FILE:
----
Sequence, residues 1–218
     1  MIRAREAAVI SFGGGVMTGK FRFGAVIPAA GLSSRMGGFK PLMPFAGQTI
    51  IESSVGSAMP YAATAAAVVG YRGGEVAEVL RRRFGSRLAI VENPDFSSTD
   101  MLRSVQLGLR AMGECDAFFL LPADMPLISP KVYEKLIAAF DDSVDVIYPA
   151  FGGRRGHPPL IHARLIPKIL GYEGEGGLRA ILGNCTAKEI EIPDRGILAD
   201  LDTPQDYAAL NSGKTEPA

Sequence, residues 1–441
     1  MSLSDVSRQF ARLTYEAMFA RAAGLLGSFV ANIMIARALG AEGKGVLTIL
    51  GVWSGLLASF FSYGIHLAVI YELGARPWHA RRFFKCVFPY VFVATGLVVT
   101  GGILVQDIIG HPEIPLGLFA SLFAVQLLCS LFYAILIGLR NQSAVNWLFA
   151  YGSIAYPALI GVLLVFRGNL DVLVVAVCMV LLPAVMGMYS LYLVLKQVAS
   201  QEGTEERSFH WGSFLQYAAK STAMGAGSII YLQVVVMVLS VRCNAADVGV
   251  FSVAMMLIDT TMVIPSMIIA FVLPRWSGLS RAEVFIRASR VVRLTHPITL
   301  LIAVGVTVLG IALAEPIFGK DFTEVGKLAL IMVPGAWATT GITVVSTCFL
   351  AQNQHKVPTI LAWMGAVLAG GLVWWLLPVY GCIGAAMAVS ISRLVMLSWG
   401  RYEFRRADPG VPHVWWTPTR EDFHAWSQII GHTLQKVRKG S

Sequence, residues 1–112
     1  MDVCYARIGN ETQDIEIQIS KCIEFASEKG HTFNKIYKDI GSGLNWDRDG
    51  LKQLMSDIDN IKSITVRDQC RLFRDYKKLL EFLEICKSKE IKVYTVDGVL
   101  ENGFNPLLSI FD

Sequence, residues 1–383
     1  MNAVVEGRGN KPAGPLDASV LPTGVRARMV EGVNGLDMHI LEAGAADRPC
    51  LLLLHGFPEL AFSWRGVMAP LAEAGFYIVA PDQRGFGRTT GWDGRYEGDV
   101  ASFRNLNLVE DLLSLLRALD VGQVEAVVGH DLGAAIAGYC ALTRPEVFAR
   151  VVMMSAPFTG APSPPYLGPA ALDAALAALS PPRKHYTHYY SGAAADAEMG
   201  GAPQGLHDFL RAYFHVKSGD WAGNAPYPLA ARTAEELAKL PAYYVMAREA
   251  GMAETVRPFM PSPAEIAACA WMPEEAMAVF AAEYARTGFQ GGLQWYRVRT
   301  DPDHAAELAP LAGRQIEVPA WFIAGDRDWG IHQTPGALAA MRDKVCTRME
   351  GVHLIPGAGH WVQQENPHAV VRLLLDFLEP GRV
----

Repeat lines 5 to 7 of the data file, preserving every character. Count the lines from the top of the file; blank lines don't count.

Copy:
   151  FGGRRGHPPL IHARLIPKIL GYEGEGGLRA ILGNCTAKEI EIPDRGILAD
   201  LDTPQDYAAL NSGKTEPA

Sequence, residues 1–441